Accredited rail companies are required to report ‘notifiable occurrences’ to authorities (regulator / investigator). The industry is provided with instructions and guidance, ie:

In theory this should mean that there is consistency in the data being collected and reported (at least relating to ‘notifiable occurrences’) however in practice this is not the case; authorities report that data quality can be poor.

The industry derives little value from the effort it expends in reporting notifiable occurrences and it is generally regarded as a regulatory impost. In recent years notifiable occurrence data has underpinned an industry annual safety performance report, which is now returning some value back to industry:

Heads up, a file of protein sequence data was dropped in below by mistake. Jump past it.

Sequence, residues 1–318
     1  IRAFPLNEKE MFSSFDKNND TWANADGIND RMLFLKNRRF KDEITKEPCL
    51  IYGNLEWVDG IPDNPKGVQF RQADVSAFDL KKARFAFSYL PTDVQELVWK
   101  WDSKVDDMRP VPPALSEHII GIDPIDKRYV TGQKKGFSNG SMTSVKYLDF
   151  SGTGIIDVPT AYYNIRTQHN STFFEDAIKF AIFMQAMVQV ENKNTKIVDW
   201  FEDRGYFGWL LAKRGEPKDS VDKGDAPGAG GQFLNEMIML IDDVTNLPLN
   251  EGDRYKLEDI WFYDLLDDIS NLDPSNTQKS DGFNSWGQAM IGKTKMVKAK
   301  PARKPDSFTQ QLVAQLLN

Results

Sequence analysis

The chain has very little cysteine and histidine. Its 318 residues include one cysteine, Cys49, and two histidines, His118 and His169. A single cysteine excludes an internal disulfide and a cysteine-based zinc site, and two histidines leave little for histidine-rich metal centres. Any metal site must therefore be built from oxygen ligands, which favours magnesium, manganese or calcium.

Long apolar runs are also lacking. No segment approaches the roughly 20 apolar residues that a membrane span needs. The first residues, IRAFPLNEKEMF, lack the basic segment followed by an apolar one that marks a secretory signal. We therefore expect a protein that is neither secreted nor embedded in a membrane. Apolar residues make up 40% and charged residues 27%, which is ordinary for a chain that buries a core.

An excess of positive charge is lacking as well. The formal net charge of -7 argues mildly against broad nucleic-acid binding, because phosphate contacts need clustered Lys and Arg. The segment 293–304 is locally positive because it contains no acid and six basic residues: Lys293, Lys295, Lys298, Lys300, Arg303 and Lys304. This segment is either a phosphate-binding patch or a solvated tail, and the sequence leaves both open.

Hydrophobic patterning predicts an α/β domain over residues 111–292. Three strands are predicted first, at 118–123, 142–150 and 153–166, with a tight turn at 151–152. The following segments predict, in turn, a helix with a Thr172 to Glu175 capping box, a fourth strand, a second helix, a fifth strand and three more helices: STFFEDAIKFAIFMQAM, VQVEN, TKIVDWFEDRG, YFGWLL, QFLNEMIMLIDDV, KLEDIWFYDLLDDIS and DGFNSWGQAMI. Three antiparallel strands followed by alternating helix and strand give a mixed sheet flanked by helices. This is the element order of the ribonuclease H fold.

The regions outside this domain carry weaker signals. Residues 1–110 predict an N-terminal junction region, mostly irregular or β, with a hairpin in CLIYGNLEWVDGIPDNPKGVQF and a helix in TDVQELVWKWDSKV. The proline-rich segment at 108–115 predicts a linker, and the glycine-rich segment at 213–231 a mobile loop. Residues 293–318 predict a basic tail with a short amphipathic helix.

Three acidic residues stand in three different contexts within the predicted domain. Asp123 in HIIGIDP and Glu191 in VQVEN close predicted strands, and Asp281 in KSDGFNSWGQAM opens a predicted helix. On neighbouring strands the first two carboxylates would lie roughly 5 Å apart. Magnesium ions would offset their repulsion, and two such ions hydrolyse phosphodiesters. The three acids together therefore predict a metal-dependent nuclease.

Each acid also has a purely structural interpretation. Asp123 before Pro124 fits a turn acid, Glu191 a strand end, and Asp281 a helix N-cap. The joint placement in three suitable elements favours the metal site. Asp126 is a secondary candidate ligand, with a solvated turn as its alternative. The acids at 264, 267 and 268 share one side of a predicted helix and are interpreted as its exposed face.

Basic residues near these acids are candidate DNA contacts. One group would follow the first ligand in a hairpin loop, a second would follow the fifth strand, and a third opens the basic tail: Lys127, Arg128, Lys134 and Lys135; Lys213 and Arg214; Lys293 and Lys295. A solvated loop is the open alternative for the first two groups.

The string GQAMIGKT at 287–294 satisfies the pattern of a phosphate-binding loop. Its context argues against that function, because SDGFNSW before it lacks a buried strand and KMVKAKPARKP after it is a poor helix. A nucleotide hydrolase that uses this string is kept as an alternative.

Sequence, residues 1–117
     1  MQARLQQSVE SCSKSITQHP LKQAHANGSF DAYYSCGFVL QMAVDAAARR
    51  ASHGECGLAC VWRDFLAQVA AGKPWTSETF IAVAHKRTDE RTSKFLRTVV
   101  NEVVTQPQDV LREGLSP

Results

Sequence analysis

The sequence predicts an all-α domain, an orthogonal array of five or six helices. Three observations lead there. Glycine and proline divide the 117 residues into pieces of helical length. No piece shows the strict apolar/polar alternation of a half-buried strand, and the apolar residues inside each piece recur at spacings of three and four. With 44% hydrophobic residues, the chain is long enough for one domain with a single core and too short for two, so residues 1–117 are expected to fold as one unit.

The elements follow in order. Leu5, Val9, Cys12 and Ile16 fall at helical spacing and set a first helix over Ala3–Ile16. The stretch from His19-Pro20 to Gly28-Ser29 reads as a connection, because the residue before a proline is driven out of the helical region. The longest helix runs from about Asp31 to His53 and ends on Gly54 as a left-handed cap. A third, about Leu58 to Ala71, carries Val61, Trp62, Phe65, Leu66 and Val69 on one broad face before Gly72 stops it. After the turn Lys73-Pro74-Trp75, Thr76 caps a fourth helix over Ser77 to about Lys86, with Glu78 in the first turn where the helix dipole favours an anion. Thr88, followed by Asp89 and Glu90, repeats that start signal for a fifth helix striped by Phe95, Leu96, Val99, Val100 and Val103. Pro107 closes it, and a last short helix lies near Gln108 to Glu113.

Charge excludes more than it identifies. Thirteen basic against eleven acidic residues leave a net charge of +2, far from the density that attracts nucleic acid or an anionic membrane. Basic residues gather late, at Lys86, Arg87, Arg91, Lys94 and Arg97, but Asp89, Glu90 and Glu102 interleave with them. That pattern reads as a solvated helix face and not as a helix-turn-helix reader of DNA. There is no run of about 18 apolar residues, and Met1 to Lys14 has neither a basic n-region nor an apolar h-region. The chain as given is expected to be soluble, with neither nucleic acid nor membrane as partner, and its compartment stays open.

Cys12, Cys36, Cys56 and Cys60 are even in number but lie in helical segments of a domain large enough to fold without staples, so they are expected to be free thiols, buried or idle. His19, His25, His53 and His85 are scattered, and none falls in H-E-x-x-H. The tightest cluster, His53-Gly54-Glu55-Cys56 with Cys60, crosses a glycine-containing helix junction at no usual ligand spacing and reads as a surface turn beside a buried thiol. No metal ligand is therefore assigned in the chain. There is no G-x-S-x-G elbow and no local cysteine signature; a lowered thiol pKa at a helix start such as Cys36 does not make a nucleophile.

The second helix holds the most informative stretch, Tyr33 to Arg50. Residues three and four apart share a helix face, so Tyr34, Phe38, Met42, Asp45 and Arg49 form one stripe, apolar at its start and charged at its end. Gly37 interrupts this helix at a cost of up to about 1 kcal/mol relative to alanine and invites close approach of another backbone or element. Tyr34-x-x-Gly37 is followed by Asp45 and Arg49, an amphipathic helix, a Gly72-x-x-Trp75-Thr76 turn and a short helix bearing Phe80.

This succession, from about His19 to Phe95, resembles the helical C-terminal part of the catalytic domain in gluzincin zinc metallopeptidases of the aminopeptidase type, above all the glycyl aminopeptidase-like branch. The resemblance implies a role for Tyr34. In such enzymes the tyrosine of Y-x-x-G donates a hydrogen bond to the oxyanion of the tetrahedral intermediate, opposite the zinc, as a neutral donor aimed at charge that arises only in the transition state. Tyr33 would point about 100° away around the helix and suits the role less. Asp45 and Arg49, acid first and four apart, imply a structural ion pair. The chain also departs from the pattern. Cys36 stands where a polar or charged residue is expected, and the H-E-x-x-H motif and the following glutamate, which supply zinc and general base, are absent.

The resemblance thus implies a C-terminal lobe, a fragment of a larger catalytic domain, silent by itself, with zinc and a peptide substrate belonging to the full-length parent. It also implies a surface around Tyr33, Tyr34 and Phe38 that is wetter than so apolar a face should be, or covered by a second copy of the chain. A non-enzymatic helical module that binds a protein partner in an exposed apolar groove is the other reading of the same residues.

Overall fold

Aside from the reporting of notifiable occurrences, many organisations will collect safety data on issues that are important to them. It is very likely that those issues, the amount/depth of data collected, nomenclatures, and IT infrastructures will vary considerably across the industry.

Railway safety data – proposed situation

RISSB is seeking to install a centralised system as is found in other industries domestically and other railways overseas. The purposes of the system would be to:

  • improve the value of safety data by turning it into more useful/robust information (particularly ‘risk’ information),
  • streamline reporting channels, and
  • minimise the burden on railway organisations.